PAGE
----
|Pursley, Walter - NC STATE UNIVERSITY|
|Hu, Shuijin - NC STATE UNIVERSITY|
Submitted to: Global Change Biology
Publication Type: Peer Reviewed Journal
Publication Acceptance Date: December 6, 2004
Publication Date: April 1, 2005
Citation: Booker, F.L., Prior, S.A., Torbert Iii, H.A., Fiscus, E.L., Pursley, W.A., Hu, S. 2005. Decomposition of soybean grown under elevated concentrations of CO2 and O3. Global Change Biology. 11:685-698. Interpretive Summary: Atmospheric carbon dioxide and air pollutant ozone concentrations continue to increase globally. A critical issue is how these changes will affect agricultural productivity. This includes effects on the decomposition of crop residues left in the field and the availability of mineral nutrients to subsequent crops. To address questions about effects on decomposition processes, a two-year experiment was conducted to determine the chemistry and decomposition rate of residues of soybean plants grown under elevated carbon dioxide and air pollutant ozone in open-top field chambers. Treatment effects on belowground soil activities were indicated by soil microbial biomass. A variety of measurements showed that elevated carbon dioxide increased residue production, soil nitrogen immobilization, and microbial biomass, all of which might increase soil carbon accumulation. Ozone reduced plant residue production but increased nitrogen immobilization. Ozone-induced changes in plant chemistry also slowed decomposition of leaf residue. Soil microbial biomass was not significantly affected by ozone. In combination, the effect of elevated ozone was largely negated by twice-ambient carbon dioxide. Increased nitrogen immobilization with both gases could affect soil carbon accumulation but it is unlikely to influence future crop responses to elevated carbon dioxide and ozone.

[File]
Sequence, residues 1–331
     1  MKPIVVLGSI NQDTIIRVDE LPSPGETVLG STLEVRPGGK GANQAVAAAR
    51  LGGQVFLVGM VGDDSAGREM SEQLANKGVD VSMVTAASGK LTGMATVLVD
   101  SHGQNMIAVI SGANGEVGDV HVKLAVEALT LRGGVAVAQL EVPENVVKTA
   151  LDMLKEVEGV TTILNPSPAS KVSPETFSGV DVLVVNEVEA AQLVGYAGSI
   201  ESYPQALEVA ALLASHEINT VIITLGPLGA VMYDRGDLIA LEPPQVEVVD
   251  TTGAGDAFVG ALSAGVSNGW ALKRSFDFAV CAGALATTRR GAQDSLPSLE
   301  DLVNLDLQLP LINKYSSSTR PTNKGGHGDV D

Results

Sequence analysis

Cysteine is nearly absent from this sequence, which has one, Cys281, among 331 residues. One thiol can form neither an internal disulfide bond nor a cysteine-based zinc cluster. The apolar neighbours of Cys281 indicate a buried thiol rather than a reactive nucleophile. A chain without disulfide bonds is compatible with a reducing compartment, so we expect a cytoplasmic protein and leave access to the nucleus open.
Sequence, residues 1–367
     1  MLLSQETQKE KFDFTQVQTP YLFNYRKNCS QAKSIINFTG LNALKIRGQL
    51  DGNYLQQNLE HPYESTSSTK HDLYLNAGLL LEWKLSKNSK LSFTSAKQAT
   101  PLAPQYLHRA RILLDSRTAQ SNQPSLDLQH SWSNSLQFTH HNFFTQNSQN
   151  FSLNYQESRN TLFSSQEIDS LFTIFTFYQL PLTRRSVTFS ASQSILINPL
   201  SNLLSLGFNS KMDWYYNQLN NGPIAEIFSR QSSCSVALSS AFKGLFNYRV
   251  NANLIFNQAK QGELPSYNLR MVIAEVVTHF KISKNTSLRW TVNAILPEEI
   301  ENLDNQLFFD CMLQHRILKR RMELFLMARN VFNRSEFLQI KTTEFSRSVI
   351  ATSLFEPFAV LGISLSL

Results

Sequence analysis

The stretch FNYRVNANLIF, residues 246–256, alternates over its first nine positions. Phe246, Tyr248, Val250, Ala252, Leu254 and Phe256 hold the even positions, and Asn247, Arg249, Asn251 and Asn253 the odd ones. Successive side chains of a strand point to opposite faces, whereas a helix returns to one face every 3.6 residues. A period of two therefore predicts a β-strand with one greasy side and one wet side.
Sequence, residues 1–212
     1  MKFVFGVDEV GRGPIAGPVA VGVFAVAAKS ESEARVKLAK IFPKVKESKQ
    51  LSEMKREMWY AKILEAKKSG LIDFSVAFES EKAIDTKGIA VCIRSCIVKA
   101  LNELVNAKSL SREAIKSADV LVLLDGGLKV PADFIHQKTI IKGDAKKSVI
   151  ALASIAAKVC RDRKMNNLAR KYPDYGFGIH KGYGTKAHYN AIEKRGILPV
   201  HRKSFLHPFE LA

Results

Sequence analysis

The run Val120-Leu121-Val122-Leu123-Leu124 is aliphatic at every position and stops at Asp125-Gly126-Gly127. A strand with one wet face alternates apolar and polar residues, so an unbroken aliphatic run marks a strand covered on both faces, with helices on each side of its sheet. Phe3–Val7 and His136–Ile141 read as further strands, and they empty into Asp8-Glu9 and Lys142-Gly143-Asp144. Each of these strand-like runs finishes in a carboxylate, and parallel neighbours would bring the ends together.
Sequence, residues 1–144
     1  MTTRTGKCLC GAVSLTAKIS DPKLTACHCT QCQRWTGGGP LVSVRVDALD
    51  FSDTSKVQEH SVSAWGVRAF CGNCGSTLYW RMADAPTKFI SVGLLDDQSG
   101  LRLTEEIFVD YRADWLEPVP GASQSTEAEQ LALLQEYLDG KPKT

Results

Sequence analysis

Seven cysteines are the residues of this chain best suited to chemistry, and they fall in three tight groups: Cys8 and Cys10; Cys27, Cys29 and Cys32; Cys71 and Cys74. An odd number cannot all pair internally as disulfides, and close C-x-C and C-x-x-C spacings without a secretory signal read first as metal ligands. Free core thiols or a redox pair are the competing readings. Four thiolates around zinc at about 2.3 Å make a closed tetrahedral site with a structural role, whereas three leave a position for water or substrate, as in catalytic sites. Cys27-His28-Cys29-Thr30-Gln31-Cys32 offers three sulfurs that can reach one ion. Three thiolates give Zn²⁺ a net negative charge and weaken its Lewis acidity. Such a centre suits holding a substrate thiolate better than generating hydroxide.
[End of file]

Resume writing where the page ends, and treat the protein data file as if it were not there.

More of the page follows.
Technical Abstract: Increasing concentrations of atmospheric CO2 usually increase growth and yield of many agricultural crops while current levels of tropospheric O3 tend to suppress them. Both gases can alter crop chemistry. Changes in biomass input and plant chemistry affect decomposition of crop residues, depending on interactions with belowground systems. The primary objective of this experiment was to determine the chemistry and decomposition rate of residues of soybean grown under mixtures of CO2 and O3. A second objective was to determine treatment effects on soil microbial biomass. In a two-year experiment, soybean (Glycine max) residues were obtained from plants treated in open-top field chambers to reciprocal combinations of two CO2 (ambient and twice ambient) and two O3 (charcoal-filtered air and 1.5 times ambient) concentrations. Microbial biomass was determined from soil samples collected from each chamber in the latter part of each growing season. Residue biomass was increased 41% by elevated CO2 and lowered 32% by added O3. In combination, elevated CO2 ameliorated up to 90% of the suppressive effect of O3 on residue biomass. Residue chemistry was generally unaffected by elevated CO2. Leaflet residues from the O3 treatments had lower concentrations of starch and soluble sugars, but higher N, fiber and lignin contents. A microcosm experiment indicated that C mineralization was not significantly different among treatments, although immobilization of N was increased by residues from the elevated gas treatments. In a litter bag experiment, remaining leaflet residue mass from the O3 treatments was 50% greater than that in the control treatment whereas other treatment effects were relatively minor. Microbial biomass C was 20% higher in soil samples from the elevated CO2 treatment. This study suggested that twice-ambient CO2 concentration would increase soybean residue input, microbial biomass and N immobilization, possibly resulting in soil C accumulation and lower N availability. Soybean residue input to the soil was curtailed by O3 but changes in residue chemistry could slow decomposition. In combination, the effect of elevated O3 on was largely negated by twice-ambient CO2. Increased N immobilization with both gases could affect soil C accumulation but it is unlikely to influence future crop responses to elevated CO2 and O3.